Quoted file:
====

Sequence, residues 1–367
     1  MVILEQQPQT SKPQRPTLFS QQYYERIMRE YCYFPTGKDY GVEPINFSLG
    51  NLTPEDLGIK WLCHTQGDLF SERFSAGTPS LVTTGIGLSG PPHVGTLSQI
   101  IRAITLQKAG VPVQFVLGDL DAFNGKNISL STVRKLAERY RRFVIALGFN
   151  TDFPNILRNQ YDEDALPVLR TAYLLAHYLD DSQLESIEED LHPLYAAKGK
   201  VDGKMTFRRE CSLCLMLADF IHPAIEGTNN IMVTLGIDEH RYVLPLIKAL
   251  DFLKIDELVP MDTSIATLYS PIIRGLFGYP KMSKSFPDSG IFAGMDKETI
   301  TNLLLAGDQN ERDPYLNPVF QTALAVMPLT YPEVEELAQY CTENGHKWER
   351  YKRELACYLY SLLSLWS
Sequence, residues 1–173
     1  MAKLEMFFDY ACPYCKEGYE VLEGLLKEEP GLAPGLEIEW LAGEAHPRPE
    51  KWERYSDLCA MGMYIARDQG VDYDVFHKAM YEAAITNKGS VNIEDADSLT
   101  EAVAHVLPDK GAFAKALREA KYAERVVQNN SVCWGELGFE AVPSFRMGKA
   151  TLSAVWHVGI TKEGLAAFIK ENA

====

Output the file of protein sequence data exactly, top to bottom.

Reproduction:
Sequence, residues 1–367
     1  MVILEQQPQT SKPQRPTLFS QQYYERIMRE YCYFPTGKDY GVEPINFSLG
    51  NLTPEDLGIK WLCHTQGDLF SERFSAGTPS LVTTGIGLSG PPHVGTLSQI
   101  IRAITLQKAG VPVQFVLGDL DAFNGKNISL STVRKLAERY RRFVIALGFN
   151  TDFPNILRNQ YDEDALPVLR TAYLLAHYLD DSQLESIEED LHPLYAAKGK
   201  VDGKMTFRRE CSLCLMLADF IHPAIEGTNN IMVTLGIDEH RYVLPLIKAL
   251  DFLKIDELVP MDTSIATLYS PIIRGLFGYP KMSKSFPDSG IFAGMDKETI
   301  TNLLLAGDQN ERDPYLNPVF QTALAVMPLT YPEVEELAQY CTENGHKWER
   351  YKRELACYLY SLLSLWS
Sequence, residues 1–173
     1  MAKLEMFFDY ACPYCKEGYE VLEGLLKEEP GLAPGLEIEW LAGEAHPRPE
    51  KWERYSDLCA MGMYIARDQG VDYDVFHKAM YEAAITNKGS VNIEDADSLT
   101  EAVAHVLPDK GAFAKALREA KYAERVVQNN SVCWGELGFE AVPSFRMGKA
   151  TLSAVWHVGI TKEGLAAFIK ENA